Fenbendazole

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Fenbendazole (dewormer) - (updated 9-14-22)

What It Treats Flukes (Monogeneans) and intestinal worms*. Fenbendazole is particularly useful to treat flukes & intestinal worms which seem resistant to praziquantel.

How To TreatFenbendazole is a drug often prescribed by veterinarians to treat intestinal parasites in dogs & cats (sometimes sold as Panacur). It is also effective to use on fish and can be purchased online here: Fenbendazole

Or NFP Fenbendazole is resold in smaller quantities here & here.

Noga discusses using fenbendazole to treat monogeneans (flukes) in his book Fish Disease: Diagnosis and Treatment 2nd Edition. He recommends a 12 hour bath treatment at 25 mg/L (95 mg/gallon). Heavily aerate + temp control the bath water. Fully dissolve the medication before adding fish. Fenbendazole is not easily water soluble, so I advise using either ethyl alcohol or preferably DMSO to aid with dissolving it: How To - Use DMSO to dissolve medications

I advise transferring the fish into a new QT following each bath treatment (to prevent reinfection). You will also need to administer a second bath + transfer about a week later in order to eliminate any hatchlings. It is best to use this treatment calendar to determine when is the best time to do the second bath: Marine Parasites
For treating intestinal worms*, Noga recommends dosing fenbendazole into a QT at 2 mg/L (7.6 mg/gallon) once/week for 3 weeks. However, you can also try lacing fish food with fenbendazole in addition to dosing the water column. (DO NOT dose or food soak fenbendazole in a reef environment.) You’ll need to use a binder (e.g. Seachem Focus, unflavored gelatin, Agar) to reduce the loss of medication to the water through diffusion. I recommend feeding fenbendazole for 2-3 weeks, or until symptoms are no longer present. My recipe for food soaking deworming medications can be found below:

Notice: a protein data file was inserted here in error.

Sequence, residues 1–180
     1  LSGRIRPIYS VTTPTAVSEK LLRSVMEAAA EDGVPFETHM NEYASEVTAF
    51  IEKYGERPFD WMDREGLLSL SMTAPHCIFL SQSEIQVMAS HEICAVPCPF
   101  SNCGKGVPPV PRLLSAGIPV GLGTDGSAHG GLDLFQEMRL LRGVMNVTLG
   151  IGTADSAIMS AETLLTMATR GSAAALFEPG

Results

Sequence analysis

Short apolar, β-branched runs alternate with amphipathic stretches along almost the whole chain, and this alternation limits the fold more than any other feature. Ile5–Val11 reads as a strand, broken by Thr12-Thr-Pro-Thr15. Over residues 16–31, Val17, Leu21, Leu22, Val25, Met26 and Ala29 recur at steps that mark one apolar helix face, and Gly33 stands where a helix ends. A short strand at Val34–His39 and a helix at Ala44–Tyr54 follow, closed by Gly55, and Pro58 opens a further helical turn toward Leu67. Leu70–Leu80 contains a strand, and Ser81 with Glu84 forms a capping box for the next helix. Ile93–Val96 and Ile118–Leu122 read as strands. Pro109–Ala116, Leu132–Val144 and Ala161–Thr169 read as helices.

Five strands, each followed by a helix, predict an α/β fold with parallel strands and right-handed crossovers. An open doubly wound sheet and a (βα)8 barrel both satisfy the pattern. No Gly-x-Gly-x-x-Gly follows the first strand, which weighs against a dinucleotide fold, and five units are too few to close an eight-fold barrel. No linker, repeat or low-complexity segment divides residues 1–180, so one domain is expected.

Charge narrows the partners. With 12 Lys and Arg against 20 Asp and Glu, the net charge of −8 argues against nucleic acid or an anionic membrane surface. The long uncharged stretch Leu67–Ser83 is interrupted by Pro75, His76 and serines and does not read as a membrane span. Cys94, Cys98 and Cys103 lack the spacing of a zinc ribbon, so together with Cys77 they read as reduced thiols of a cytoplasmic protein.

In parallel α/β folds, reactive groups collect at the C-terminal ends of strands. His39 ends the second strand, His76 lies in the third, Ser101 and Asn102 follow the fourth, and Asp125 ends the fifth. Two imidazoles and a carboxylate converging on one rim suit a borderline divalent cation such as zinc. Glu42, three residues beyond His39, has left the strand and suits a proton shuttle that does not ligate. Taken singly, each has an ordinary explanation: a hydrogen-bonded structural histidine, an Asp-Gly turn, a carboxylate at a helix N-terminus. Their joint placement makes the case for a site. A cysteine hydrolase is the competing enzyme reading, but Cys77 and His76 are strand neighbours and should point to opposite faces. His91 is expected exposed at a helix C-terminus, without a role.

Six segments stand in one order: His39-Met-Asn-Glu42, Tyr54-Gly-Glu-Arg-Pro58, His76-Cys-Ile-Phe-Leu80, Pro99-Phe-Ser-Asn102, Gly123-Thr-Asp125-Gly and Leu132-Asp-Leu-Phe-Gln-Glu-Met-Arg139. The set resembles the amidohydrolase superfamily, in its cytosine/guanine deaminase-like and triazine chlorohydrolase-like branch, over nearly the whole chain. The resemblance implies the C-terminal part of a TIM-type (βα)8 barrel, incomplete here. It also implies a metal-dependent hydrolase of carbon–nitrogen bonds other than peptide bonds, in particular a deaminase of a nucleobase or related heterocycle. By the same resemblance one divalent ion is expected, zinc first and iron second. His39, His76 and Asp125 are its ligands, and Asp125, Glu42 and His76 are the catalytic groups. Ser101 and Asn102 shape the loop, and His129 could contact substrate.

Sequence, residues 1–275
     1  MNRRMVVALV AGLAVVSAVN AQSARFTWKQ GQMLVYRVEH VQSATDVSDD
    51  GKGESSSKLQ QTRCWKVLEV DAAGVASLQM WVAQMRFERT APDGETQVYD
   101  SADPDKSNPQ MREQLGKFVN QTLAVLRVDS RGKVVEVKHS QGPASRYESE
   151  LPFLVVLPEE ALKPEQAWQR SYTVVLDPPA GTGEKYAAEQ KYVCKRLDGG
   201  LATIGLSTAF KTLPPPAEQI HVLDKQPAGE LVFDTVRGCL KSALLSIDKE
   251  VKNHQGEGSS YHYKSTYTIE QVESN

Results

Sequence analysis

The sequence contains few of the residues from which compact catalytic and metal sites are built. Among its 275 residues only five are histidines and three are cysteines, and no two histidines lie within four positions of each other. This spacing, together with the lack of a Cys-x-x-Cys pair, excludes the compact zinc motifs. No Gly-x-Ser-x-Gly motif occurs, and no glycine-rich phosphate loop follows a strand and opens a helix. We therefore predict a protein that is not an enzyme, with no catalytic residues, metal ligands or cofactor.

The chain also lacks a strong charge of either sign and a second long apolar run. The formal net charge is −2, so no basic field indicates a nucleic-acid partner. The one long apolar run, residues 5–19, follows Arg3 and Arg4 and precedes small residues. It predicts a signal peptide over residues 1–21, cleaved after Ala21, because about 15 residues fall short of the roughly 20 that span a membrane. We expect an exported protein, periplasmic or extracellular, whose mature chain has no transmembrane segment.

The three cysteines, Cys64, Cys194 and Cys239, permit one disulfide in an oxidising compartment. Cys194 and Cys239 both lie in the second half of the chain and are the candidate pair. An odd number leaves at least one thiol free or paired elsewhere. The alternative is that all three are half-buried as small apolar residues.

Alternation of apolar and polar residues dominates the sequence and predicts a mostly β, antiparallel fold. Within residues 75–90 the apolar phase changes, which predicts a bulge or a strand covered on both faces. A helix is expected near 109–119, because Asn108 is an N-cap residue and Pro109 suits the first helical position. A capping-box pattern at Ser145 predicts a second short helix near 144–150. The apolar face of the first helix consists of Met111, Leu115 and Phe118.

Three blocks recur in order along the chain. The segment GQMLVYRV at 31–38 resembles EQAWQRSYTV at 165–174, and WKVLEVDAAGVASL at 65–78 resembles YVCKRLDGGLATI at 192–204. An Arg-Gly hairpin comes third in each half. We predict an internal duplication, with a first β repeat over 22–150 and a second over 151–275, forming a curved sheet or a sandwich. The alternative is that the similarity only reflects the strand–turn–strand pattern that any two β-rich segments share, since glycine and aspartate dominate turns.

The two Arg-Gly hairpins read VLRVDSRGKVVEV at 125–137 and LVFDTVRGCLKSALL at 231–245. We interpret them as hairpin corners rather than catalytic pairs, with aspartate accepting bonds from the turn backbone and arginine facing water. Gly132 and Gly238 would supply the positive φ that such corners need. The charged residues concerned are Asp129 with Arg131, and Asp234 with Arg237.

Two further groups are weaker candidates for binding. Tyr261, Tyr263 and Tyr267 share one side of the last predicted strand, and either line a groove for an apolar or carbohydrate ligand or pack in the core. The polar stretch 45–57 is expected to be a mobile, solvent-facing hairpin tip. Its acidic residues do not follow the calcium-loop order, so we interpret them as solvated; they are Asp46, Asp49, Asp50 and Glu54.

Using a shot glass:
  • 1 tbsp food (preferably pellets or frozen food)
  • 1 scoop (~ 1/8 teaspoon) of medication
  • 1-2 scoops Seachem Focus* (binder that also makes it reef safe)
  • A pinch of Epsom salt to help expel dead worms/parasites
  • A few drops of saltwater or fish vitamins
  • Stir until a medicated food slurry has been achieved
  • Feed after soaking for 30 mins
  • Refrigerate or freeze any leftovers for future use
  • You can feed this mix 1-2 times per day. Not recommend to exceed 2 feedings per day with medicated food.
  • Feed daily for 2-3 weeks, or until poop returns to a solid brown or green color (no white).
* Agar or unflavored gelatin can be used in lieu of Focus. More medicated food recipes can be found here: How To Make Medicated Feed - Hikari Sales USA

ProsHighly effective dewormer

Cons/Side Effects:
  1. Some fish will act "off" for 24-48 hours after treating with Fenbendazole and may not eat.
  2. However, @Dierks reports that wrasses are the only fish he has ever lost after treating with Fenbendazole.
  3. Fenbendazole is NOT reef safe. Not even when soaked in food.
More info on Fenbendazole from seahorse.com: Fenbendazole (Panacur) | Seahorse.com
 
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Dierks

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Also note that if you are going to do the bath and dissolve the Fenbendazole be careful with Wrasses. If you do have a fish that does not take the Fenbendazole bath well I personally have had success with the Methylene Blue Bath to detox them.
 
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We used it at first with focus in the DT and believe that it eventually killed a leather a month after first using even though there was only a few feedings, then moved fishies to a QT. We have a mushroom that totally consumed food with bendazole and prazi pro after it landed on it and it’s still alive. We also believe that a small acan colony looked like it was dying but appears to be bouncing back 3mth later.